A review of Insane Ian’s 2009 CD, Fairly EPic. Ian was one of the spotlighted performers at Balticon 45 last month.
Don’t get me wrong. I like bands that perform covers of video game music. Arm Cannon, The Advantage, Rare Candy, and Mini-Bosses are favorites on my iPod. But, I have a greater appreciation for bands/artists who perform original tracks, even if they’re parodies. This past month at Balticon 45, I had the pleasure of seeing Insane Ian perform live. In short form, he’s a video game-oriented variation on Weird Al and Spike Jones. The clever lyrics and game terminology won me over and I purchased his disc, Fairly EPic.
Opening with an amazing medley of tracks that spoofed “King Nothing”, “The Final Countdown”, “Magic Man”, “Behind Blue Eyes”, “Hotel California”, “Solsbury Hill”, “Pretty Fly for a White Guy”, and “Juke Box Hero”. Yet, each of these sections of the track was related to one video game or another, be it Silent Hill, Guitar Hero,or Castlevania.
The second track, “(The Love Theme from) Asteroids (The Motion Picture),” sounds like it was performed by Trey Parker. – a testament to Ian’s voice work talent. Granted, a face value its a parody of Aerosmith’s “I Don’t Want to Miss A Thing.” Yet, the lyrics also take jabs at cliches that seem to appear in every Michael Bay film ever made.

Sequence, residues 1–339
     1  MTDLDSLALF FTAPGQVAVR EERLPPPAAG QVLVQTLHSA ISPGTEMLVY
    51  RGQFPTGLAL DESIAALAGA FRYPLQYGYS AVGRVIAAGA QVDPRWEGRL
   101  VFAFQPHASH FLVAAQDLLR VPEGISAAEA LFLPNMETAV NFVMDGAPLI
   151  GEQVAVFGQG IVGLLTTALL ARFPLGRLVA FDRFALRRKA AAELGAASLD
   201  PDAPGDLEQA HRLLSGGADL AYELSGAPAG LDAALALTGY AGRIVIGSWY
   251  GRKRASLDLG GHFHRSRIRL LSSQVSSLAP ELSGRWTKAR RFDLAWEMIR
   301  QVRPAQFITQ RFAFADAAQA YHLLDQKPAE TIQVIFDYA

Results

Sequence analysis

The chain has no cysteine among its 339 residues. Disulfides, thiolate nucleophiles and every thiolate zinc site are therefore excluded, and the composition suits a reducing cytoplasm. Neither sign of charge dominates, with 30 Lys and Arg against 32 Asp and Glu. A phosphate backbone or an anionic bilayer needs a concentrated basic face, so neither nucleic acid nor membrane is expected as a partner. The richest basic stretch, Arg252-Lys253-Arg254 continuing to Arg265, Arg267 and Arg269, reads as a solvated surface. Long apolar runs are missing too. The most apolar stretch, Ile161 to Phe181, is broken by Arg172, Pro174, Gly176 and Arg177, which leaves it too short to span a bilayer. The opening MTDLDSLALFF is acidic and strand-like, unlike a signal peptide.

possible in three and a half minute “My Parents Bought Me Intellivision (by the Great Luke Ski)” is a funny little gem about a gamer that goes through the stages of grief ater his parents failed to buy an Atari 2600. Eventually, the gamer comes around actually appreciates the system (“And what other game lets you play as Dracula?!”).
“Just To Be Difficult (by TV’s Kyle)” may be the least game-oriented track. Yet, many a guy will understand the plight of the character at the center of the lyrics. The use of the accordion recalls early Weird Al (think the 1983 self-titled debut
The CD concludes with two live tracks from Marscon 2009, “Seeing Red” and “Guitar Hero.” The former is a great narrative of the imfamous Red Ring of Death, something that still plagues 360’s over four years later. The later is the full version of one of the medley section in the first track.
The CD serves as a great hello to anyone new to Insane Ian, as I was. I eagerly look forward to exploring his other albums and his future releases. This is a fun little disc with a lot to offer in the quick half hour it takes to listen through the whole album.